On the 13th I wrote what I had then heard about the affair of Piombino, since when I have ascertained that the lord of the island merely ceded the fortresses to King Philip, reserving for himself both the state and its revenues, which arrangement is more advantageous for his Majesty, who is thus dispensed from making him any compensation; and as yet Appiano has had no other promise than that of being made a Knight of the Fleece, his Majesty consenting to reward him with this vain-glory (con questo fumo). The matter is still a secret, and will remain so until the resolution of the Duke of Florence be heard, and lest his Excellency complain of having to cede that state, it has been provided to pay him what he claims for it, and the expenses incurred in the war of Sienna, a total of 800,000 crowns, one half of which to be assigned him in the kingdom of Naples and the other half in Spain; and the Duke's brother-in-law, Don Luis de Toledo, who is here for this affair of Piombino and of Sienna, being cajoled with fair words, the ambassador from Florence, perhaps on this account, when talking with me a few days ago, accused the Royal Council of neglect and want of judgment, telling me that he finds more decision (più risolutione) in the King than in any of the others, but that his Majesty dares not do anything without the Council. Speaking of his Duke he said that he had always run the same chance as the Emperor and King Philip, but that they did not know him, and that he was suspected without reason; and I can assure your Serenity that the Duke of Florence is suspected, and they fear that even were his Majesty to grant him all he desires, yet would he not go to war for King Philip, although everything possible will be done to restrain him, and not render him utterly hostile.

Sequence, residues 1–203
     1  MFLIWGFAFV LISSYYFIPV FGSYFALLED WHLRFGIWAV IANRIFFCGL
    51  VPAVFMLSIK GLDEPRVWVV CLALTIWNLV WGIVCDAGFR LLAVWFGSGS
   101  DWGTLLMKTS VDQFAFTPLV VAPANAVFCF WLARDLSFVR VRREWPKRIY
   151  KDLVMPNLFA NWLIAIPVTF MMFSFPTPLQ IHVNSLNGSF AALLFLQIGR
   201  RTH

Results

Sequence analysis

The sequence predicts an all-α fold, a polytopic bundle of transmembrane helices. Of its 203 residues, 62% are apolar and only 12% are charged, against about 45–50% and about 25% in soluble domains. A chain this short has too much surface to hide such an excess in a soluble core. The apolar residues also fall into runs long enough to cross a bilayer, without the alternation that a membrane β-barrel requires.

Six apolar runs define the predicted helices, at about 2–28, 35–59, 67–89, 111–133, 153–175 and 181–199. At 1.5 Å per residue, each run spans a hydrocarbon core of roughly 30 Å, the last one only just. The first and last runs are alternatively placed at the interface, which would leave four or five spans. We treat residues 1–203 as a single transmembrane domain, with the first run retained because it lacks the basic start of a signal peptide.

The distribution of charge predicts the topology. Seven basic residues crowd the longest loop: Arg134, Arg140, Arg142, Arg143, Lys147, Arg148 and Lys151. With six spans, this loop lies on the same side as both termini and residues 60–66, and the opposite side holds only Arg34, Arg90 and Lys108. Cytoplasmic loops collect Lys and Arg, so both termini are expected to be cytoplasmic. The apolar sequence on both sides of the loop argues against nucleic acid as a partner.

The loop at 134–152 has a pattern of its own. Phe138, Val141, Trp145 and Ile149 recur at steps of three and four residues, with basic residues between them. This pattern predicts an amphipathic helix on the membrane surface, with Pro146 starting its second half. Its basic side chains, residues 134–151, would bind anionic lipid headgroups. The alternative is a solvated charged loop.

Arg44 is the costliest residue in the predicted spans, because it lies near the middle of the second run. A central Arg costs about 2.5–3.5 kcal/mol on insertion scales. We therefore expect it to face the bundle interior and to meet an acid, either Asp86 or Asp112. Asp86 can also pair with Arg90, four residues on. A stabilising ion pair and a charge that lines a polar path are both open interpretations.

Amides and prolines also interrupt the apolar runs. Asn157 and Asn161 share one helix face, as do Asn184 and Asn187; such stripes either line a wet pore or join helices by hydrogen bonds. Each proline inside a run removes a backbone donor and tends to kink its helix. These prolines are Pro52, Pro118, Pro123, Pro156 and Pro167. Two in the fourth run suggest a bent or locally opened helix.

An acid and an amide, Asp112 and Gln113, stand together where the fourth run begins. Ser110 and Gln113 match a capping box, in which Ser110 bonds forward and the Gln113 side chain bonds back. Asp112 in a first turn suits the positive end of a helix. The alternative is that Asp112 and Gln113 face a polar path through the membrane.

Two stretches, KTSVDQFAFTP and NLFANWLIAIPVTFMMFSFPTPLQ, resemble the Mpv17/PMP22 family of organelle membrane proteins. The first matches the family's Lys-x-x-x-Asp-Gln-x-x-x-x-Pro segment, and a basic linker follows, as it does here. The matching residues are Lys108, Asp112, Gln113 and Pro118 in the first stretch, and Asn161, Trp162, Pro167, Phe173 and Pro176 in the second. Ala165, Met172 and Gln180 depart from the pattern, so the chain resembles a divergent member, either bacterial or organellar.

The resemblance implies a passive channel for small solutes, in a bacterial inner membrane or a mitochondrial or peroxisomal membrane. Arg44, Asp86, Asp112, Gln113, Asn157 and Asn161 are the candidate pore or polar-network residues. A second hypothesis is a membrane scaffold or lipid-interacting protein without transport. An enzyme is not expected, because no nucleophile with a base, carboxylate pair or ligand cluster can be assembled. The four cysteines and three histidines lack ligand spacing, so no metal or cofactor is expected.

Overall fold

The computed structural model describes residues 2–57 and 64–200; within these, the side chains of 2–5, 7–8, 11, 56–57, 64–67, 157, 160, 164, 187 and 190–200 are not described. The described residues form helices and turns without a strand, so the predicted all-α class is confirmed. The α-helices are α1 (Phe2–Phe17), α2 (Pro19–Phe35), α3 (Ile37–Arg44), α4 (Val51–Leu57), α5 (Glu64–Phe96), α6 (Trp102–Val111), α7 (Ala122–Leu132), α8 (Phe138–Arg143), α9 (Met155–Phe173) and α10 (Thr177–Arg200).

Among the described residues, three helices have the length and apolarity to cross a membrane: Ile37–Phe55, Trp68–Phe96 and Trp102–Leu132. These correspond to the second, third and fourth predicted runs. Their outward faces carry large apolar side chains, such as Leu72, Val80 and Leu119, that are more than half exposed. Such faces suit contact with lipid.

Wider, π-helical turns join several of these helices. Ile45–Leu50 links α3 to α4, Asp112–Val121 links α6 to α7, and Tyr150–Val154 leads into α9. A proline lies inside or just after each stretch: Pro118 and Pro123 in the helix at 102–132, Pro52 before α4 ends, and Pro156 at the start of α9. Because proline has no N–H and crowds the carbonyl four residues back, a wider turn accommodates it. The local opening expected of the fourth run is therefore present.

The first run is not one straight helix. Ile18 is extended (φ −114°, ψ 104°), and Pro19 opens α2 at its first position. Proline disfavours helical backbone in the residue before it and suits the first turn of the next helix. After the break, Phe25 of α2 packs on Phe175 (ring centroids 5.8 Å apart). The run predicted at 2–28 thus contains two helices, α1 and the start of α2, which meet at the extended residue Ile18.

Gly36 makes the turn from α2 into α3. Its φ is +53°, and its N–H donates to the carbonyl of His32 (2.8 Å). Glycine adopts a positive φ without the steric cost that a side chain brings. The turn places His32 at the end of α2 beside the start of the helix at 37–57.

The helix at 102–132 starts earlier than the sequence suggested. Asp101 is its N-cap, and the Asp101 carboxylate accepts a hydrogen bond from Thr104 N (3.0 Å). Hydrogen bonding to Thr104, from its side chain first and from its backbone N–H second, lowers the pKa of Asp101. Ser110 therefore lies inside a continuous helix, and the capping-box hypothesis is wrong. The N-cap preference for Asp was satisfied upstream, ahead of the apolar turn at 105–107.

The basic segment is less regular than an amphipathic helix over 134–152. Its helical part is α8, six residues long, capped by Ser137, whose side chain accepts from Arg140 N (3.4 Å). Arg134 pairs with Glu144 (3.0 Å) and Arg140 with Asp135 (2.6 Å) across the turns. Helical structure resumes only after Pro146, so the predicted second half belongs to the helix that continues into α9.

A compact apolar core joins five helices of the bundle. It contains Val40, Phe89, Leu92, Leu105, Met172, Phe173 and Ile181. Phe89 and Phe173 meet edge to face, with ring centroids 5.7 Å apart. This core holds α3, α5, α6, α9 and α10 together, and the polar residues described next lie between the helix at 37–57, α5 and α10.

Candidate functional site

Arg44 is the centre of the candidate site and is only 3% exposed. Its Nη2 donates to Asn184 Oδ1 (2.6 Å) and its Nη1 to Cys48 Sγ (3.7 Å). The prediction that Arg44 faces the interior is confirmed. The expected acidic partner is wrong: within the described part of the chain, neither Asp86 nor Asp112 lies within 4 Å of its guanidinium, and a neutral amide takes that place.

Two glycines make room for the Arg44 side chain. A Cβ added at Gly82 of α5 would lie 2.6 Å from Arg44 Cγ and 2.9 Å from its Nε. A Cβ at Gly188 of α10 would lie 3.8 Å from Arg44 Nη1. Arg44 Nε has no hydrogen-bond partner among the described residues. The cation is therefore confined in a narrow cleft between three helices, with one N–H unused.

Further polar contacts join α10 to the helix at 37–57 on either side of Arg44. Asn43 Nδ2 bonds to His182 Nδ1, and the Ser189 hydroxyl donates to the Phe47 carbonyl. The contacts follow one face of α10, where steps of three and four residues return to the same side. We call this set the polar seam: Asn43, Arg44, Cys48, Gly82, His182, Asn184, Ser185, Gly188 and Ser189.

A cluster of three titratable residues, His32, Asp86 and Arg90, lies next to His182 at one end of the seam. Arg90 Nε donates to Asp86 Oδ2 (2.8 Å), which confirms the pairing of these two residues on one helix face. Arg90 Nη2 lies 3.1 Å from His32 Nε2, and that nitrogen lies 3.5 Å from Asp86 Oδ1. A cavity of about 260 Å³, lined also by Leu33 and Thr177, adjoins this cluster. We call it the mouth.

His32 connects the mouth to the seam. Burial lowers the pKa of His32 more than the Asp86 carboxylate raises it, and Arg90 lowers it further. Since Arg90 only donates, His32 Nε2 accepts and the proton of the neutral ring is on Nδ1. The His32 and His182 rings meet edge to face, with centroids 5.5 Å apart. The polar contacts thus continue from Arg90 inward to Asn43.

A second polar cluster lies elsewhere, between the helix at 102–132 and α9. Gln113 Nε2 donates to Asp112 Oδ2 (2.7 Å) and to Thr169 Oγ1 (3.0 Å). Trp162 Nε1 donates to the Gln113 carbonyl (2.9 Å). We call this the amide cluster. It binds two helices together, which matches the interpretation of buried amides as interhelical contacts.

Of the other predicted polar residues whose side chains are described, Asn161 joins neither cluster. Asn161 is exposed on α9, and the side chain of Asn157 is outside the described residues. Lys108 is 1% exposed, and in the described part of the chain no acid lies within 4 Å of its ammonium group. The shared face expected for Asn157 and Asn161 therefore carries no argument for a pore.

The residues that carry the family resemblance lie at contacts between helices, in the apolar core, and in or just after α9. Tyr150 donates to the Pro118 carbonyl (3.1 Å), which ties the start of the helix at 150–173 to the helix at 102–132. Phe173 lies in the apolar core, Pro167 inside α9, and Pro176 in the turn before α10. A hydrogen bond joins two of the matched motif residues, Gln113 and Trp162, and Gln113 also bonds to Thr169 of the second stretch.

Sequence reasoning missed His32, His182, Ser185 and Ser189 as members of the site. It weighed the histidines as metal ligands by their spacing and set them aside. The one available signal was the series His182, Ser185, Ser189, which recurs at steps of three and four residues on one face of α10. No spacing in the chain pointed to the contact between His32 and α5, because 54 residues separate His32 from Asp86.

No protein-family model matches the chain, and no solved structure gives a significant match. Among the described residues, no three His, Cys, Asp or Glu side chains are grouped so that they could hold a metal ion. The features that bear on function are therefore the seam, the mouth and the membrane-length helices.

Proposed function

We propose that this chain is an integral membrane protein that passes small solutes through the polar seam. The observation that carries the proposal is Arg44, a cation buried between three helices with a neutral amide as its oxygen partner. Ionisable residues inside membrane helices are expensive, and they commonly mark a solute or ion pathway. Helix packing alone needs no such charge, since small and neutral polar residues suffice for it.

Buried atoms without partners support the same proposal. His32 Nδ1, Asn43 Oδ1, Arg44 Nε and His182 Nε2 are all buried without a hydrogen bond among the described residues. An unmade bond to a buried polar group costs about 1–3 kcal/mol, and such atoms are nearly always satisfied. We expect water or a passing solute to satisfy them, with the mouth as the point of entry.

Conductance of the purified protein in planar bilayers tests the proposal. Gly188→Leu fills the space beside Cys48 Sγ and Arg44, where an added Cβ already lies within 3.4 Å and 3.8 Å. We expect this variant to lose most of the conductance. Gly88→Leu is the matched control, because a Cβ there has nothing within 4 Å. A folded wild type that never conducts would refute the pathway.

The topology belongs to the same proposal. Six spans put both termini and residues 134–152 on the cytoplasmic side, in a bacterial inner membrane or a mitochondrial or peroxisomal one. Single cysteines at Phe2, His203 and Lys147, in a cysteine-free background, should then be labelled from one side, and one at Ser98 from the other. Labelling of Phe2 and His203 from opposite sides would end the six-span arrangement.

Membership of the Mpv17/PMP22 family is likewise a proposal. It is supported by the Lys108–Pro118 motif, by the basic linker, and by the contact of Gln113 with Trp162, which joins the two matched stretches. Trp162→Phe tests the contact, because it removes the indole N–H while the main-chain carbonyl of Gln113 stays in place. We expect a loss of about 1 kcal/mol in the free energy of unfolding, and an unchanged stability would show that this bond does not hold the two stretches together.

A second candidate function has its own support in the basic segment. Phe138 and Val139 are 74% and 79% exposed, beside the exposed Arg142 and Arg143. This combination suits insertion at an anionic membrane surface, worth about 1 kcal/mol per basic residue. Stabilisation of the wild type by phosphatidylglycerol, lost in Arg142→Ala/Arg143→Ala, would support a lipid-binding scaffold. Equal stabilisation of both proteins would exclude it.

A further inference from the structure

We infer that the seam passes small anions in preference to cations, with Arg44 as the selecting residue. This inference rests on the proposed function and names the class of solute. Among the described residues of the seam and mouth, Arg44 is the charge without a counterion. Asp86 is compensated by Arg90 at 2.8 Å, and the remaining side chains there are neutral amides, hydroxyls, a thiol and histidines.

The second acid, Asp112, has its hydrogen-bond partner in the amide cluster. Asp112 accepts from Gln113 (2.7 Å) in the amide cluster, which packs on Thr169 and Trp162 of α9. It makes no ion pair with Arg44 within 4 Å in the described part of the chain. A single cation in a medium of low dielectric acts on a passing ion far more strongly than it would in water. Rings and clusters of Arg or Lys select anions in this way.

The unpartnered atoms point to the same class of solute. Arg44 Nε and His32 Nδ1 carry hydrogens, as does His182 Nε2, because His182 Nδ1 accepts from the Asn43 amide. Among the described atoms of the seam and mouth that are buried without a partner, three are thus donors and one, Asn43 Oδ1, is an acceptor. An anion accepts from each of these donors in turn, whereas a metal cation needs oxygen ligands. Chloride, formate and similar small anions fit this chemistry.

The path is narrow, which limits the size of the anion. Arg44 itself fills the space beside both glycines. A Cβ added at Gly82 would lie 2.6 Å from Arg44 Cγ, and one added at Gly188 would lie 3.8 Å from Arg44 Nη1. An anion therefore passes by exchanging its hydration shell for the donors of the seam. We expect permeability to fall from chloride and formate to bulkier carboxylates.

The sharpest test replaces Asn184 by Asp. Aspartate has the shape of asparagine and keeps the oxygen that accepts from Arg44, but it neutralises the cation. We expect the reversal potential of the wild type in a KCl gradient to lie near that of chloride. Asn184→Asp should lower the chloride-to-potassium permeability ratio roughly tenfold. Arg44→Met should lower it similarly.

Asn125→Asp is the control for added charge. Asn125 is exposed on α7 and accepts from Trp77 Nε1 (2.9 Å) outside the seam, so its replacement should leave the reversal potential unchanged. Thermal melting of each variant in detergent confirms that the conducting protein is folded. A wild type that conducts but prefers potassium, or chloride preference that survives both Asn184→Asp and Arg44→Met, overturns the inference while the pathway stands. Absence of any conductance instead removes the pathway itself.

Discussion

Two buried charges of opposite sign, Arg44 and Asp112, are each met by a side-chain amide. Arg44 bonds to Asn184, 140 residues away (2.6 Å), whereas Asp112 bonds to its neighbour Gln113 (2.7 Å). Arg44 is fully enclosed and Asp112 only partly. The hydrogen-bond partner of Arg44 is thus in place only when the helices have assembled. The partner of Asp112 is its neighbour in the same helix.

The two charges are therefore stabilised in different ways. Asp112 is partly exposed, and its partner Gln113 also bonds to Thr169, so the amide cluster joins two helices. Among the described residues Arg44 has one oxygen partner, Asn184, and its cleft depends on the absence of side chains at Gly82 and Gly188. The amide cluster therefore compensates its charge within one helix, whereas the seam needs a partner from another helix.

The Duchess of Parma has departed for Italy, and from one of her household I heard that she made two demands; one that the state of the Duke her husband should be restored to him entirely, nothing more being said about compensations, and that the fortresses be given back to him; the other that her son, who had been appointed to reside in Spain with Don Carlos, may remain with the King, it seeming to her that in Spain he would be ruined by idleness, whereas here, where there is business and war, he would have experience of many things. With regard to her son the King consented, and placed the Duchess at liberty to take him with her to Italy, but she has not chosen to do so. Respecting the affairs of Piacenza and of the Duke, the King gave her good promise and intention, but in word and course of time, and with this her Excellency departed very well satisfied. I could learn nothing more, the affairs between the King and the Duchess having been treated face to face, which disables me from asserting anything positively, nor do I believe that anybody but themselves can know what they negotiated.